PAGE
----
By DENISE DICK
VINDICATOR TRUMBULL STAFF
LORDSTOWN -- A trip of several thousand miles a year ago helped one village woman discover her life's purpose.
"This is a calling in my life, and God has called me to do it," said Karen Jones.
She got involved with Mission Russian Outreach last January.
She learned of the program, through which volunteers visit disabled children in Russian orphanages, when a woman talked of the program at her church, Shiloh Full Gospel Church in Girard.
Jones, also a village councilwoman, spent two weeks last January at orphanages near St. Petersburg, Russia.
Her second trip was over the summer and she plans a third visit in January.
Disabled children: "The children are all handicapped in one way or another," she said.
When a Russian couple gives birth to a child with a disability, they're told the child is damaged and they shouldn't take him home, Jones said.
The children are sent to orphanages instead.
Even children with as minor an affliction as a lazy eye may end up in an orphanage.
"Some of them have had no opportunity for bonding at all," Jones said.
The volunteers play with the children, who range from infants to teens, and talk and minister to them using interpreters.
They also bring supplies, such as over-the-counter medications, clothing and toys for the orphans.
How you can help: Jones can be contacted for more information or to make donations at firstname.lastname@example.org
The interaction and human contact are the most important things.
A videotape produced for the organization shows the children clinging to the foreign visitors, responding to touch.
"The counselors at the orphanages do the best they can, but there's one counselor for 13 children," she said. "There's only so much they can do."
Some parents visit the children regularly. Others never have.
One girl, a 16-year-old named Dasha, asked Jones to pray with her that her parents would visit.
"She's been there since she was 4, and her parents have never visited her," Jones said.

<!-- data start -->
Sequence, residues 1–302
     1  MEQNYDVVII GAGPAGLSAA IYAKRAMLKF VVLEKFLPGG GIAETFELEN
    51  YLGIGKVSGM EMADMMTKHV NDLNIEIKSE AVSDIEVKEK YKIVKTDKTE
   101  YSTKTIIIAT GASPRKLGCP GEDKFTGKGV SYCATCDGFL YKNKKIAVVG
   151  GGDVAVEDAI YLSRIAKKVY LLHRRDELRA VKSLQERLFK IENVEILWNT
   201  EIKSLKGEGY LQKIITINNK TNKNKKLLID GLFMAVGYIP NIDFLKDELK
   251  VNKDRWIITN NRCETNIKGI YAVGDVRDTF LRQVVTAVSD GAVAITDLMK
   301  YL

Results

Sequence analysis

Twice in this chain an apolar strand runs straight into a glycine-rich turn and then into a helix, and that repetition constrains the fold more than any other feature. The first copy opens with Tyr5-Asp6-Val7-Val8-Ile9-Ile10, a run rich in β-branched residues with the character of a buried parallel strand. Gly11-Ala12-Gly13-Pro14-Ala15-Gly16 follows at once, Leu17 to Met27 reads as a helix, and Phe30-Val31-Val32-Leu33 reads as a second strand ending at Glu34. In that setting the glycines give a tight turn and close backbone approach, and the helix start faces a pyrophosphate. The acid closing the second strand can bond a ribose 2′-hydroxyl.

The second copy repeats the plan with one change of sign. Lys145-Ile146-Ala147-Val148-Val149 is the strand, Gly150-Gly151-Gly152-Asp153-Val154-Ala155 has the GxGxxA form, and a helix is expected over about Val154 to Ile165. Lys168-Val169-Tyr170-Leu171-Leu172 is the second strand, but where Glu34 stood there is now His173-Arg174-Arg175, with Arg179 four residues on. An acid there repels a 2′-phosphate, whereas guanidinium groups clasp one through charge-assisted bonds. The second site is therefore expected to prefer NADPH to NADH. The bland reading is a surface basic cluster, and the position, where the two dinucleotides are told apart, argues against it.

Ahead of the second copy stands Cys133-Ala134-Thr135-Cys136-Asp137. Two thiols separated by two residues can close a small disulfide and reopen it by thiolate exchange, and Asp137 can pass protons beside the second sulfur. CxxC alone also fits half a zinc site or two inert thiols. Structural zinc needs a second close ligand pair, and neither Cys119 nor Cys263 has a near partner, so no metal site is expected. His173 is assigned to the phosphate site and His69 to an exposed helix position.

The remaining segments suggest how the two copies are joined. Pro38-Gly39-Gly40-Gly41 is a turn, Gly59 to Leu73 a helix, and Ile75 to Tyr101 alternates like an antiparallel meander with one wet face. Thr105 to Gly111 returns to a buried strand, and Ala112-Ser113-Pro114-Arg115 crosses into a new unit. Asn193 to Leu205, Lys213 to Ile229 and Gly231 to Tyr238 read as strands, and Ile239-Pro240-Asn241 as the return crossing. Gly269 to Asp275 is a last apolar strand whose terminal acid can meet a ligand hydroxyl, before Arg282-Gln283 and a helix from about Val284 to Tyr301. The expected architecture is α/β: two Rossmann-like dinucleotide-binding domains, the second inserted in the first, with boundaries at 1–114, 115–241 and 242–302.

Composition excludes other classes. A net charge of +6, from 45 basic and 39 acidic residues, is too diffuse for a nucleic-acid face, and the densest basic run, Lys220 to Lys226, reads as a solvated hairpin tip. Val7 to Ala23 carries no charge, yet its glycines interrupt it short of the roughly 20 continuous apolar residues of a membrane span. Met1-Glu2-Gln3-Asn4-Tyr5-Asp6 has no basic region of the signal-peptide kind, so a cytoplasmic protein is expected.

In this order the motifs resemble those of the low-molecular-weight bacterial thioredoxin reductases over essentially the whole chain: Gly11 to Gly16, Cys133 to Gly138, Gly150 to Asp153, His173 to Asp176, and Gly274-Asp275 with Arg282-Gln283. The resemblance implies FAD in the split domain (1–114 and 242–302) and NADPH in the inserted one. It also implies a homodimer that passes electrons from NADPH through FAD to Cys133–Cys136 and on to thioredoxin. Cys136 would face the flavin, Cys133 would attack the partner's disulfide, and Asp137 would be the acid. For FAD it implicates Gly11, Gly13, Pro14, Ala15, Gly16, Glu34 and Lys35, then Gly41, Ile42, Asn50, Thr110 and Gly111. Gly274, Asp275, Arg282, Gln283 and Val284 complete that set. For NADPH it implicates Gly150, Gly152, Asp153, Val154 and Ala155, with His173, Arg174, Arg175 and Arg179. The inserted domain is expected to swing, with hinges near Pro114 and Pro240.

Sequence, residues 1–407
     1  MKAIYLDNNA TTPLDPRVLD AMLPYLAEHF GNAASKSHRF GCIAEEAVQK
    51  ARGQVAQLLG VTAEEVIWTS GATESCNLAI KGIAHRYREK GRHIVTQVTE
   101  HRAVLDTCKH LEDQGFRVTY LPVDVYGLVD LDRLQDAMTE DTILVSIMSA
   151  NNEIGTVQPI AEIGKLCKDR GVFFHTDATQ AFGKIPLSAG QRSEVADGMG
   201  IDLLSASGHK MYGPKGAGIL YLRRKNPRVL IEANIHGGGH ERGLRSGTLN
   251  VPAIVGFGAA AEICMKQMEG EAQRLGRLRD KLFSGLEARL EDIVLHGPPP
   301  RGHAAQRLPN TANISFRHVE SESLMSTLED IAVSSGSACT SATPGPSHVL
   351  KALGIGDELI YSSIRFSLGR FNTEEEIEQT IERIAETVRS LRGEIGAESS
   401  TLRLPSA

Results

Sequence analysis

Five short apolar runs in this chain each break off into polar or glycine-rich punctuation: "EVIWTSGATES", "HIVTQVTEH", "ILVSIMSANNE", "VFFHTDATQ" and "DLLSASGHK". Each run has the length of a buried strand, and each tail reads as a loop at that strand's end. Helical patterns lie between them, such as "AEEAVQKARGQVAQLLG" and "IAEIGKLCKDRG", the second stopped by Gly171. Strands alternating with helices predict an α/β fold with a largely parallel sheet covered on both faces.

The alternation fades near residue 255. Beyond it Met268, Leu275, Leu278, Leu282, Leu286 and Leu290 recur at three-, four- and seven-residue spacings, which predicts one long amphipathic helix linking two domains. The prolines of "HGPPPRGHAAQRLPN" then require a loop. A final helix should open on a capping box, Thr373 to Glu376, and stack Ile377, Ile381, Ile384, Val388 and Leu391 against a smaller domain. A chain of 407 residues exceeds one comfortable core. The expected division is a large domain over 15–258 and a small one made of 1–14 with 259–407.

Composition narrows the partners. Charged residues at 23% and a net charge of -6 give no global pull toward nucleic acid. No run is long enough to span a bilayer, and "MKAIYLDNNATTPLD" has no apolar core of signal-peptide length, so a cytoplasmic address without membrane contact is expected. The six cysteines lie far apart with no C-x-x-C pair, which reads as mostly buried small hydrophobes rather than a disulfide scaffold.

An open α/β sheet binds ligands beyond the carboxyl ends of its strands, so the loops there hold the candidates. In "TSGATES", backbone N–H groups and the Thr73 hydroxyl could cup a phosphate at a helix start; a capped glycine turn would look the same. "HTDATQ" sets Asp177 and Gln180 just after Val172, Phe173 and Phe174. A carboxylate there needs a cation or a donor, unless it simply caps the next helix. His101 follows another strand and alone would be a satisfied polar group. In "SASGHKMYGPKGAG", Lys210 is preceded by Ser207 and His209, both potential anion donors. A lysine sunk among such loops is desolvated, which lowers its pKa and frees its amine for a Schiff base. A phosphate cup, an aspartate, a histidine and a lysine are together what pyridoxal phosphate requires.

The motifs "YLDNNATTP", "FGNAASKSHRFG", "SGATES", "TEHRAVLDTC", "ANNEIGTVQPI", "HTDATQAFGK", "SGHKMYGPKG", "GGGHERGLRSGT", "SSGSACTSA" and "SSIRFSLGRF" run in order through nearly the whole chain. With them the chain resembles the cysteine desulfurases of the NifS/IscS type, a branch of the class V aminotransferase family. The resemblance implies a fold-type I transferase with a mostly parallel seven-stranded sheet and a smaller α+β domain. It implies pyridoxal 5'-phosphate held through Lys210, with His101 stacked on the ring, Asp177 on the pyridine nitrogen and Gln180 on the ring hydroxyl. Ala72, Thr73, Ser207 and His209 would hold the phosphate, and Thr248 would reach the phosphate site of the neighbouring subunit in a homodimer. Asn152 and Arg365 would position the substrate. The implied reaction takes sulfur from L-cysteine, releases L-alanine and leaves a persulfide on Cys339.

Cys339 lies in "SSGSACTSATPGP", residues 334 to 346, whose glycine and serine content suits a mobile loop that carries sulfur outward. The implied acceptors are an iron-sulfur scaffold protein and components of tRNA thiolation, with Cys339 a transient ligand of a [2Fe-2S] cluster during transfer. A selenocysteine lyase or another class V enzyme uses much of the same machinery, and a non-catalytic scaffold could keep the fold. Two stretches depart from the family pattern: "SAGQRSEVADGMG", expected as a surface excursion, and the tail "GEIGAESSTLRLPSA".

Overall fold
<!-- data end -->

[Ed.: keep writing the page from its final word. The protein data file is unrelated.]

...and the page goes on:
The two clicked, and after Jones' first visit, Dasha started asking people at the orphanage if she would return the following summer.
They enjoyed a tearful July reunion, prompting the Lordstown woman to consider adoption.
Russian authorities, though, consider Dasha,16, too old to be adopted.
"I would have given Dasha a home," she said.
Jones is considering bringing Dasha to the United States when she turns 18.
Variety of facilities: Some of the orphanages are more progressive, training the children in a trade so they have a skill when they reach 18.
One orphanage acts as a training facility for Special Olympics. Others don't provide much education, believing that many disabled children are incapable of learning.
At 18, orphans not sent to an adult facility are released to fend for themselves.
Whether or not the 18-year-olds possess job skills depends on the philosophy of the orphanage where they spent their childhood.
There's not much consistency in the education policy from one facility to the next, the councilwoman said.
A child helps: Jones' granddaughter, Jocelyn Yeager, 12, of Niles, accompanied her on the July trip.
Initially, Jones was concerned that Jocelyn would struggle with the sight of so many ill children, but she adjusted well, visiting the infants and befriending the older children.
"I was so proud of her," Jones said.